Church officials offer several reasons for their quick response. Hale, the Spanish Fort senior pastor, credited a lack of bureaucracy. In his Internet blog, he alluded to Jonathan Swift's Gulliver's Travels, comparing FEMA to Gulliver tied down on the isle of Lilliput, and said the churches were able to move freely like the tiny Lilliputians.
"What happened was the government wasn't ready to respond, yet individual churches were ready to respond," he said later in an interview. Churches also often have the necessary resources for disaster relief, such as large buildings for shelters and a closely knit membership from which to draw volunteers.
Most importantly, according to relief workers affiliated with religious groups, is that the spirit of giving permeates the teachings of all churches.
"The church is not there for itself, but for others," said Clyde Pressley, executive director of the Disaster Recovery Ministry in Mobile.
"We get a sense of joy helping others. We high-five one another after we've done something."
Religious organizations wanting to take a larger role in society have found a friend in the current president.
In 2001, President Bush established a White House Office of Faith-Based and Community Initiatives to help such organizations compete for federal funding. In 2002, Bush signed an order guaranteeing equal treatment for religious groups vying for federal grants.
In fiscal 2004, religious organizations received about $2 billion in grants from seven federal agencies, including the U.S. Departments of Health and Human Services, Housing and Urban Development, and Education.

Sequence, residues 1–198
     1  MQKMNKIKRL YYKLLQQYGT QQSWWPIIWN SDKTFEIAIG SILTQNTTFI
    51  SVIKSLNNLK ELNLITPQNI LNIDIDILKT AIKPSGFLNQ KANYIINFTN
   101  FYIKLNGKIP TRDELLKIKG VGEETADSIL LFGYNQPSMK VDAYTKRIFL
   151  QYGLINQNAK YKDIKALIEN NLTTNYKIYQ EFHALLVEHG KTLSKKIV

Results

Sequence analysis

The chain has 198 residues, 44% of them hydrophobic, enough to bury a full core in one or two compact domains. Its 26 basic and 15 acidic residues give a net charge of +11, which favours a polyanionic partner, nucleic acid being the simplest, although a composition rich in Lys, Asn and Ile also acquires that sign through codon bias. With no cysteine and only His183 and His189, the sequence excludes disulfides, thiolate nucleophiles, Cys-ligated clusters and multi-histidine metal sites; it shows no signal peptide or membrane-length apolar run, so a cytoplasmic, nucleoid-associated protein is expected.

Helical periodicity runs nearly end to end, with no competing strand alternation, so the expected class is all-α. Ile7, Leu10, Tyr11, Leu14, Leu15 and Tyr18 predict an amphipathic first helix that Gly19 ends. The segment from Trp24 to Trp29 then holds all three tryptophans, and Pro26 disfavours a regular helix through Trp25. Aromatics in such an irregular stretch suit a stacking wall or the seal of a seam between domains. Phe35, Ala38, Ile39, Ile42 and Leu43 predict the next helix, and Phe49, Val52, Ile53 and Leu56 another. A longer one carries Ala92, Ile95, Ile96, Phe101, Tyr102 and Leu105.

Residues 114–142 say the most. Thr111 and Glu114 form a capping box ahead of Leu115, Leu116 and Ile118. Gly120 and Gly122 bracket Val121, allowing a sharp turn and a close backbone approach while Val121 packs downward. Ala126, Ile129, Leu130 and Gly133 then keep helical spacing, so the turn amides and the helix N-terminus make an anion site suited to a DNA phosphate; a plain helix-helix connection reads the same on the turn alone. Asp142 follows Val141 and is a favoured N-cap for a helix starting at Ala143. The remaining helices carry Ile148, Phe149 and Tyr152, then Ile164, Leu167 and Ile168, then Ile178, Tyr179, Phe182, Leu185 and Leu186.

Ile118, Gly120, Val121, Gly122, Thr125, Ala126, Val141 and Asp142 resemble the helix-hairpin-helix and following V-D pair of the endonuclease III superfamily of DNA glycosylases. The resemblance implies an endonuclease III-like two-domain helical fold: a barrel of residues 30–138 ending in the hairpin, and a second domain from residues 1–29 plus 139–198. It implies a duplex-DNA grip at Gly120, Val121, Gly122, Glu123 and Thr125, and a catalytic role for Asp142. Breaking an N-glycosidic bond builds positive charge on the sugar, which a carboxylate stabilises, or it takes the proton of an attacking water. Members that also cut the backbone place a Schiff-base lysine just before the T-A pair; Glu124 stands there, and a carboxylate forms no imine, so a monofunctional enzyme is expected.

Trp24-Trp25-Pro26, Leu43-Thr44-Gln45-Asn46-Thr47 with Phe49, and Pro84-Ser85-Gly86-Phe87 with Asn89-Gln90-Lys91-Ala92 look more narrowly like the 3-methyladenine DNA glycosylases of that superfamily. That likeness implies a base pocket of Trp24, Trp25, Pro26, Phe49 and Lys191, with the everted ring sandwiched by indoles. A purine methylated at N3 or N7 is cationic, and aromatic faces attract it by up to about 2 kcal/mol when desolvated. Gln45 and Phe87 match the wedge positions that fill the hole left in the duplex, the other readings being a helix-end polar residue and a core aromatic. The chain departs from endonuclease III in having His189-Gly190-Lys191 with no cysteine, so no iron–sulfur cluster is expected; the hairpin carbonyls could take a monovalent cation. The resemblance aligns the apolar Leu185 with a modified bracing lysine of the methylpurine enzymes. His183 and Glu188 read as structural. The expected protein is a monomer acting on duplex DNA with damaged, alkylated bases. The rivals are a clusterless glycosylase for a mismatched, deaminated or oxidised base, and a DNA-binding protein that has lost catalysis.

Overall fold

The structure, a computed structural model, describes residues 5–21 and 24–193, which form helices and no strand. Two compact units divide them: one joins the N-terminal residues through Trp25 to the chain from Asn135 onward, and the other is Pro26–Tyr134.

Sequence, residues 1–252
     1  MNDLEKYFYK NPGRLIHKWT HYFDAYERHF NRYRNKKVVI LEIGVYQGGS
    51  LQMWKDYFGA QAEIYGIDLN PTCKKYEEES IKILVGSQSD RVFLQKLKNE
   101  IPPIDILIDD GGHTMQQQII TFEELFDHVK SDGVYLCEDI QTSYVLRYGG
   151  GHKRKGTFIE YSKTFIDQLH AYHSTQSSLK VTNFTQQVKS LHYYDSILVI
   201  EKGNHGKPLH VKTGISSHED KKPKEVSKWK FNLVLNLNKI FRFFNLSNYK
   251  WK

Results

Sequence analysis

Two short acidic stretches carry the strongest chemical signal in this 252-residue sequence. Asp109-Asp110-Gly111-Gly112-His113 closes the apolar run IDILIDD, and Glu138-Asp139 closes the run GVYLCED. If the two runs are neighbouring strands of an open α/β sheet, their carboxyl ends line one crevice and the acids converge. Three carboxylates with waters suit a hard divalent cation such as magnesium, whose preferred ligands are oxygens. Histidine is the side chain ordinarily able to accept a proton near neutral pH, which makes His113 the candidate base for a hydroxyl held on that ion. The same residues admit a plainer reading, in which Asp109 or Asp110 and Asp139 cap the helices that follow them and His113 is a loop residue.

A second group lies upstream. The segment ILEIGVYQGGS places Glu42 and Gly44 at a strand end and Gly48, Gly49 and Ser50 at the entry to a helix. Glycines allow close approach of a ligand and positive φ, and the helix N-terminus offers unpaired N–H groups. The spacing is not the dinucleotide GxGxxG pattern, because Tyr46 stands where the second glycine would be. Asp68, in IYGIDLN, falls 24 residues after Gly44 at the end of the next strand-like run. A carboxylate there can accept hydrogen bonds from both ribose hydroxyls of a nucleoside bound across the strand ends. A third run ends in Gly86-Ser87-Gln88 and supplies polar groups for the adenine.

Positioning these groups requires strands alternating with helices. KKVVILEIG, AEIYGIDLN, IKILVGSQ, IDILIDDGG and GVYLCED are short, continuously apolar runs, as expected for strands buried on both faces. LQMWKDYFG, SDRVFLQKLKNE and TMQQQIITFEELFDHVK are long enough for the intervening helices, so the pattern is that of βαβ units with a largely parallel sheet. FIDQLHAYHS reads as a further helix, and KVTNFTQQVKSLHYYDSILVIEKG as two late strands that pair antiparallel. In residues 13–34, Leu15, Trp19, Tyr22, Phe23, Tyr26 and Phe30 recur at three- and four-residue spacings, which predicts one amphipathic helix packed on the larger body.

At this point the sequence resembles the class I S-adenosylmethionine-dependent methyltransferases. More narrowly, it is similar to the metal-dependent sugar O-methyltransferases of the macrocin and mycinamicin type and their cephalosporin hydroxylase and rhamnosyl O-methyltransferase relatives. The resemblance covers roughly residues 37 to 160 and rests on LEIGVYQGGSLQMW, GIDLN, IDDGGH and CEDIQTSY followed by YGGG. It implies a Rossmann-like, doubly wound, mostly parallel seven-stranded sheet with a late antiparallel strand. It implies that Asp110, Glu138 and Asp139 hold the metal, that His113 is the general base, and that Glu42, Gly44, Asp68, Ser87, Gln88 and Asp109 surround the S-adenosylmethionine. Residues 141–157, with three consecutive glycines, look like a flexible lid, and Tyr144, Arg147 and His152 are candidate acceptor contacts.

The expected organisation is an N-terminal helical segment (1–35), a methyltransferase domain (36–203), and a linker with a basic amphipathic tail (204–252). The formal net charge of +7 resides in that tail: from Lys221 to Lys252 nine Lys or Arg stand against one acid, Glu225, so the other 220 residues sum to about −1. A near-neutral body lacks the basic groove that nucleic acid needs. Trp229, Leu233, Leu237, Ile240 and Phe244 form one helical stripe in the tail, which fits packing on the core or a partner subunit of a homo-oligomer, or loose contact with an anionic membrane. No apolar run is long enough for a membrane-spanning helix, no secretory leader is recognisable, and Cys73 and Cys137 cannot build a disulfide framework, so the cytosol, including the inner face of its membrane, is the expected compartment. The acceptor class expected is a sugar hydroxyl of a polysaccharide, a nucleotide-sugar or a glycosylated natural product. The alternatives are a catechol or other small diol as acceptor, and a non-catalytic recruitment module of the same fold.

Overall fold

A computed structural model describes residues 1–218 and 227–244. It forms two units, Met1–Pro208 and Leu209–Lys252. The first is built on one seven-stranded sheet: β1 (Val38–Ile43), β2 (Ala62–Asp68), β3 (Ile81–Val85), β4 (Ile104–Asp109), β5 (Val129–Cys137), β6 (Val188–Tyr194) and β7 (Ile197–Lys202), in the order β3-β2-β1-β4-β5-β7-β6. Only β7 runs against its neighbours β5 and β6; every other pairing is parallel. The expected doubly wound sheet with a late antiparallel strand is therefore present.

While that was just about 10 percent of the total grant money, it represented a big increase from the $1.17 billion religious groups received in 2003.
Religious organizations are more geared to be first responders because they are already established in communities and can immediately identify needs, while FEMA and other such organizations have to come into an area and set up, said Terri Hasdorff, director of Alabama Gov. Bob Riley's faith-based initiatives office.
While the government can provide funding, Hasdorff said, local organizations can tailor social services to fit the needs of individual communities.
"I think what you are seeing is more of a partnership and a growing awareness that faith-based and community organizations are needed for that response," he said.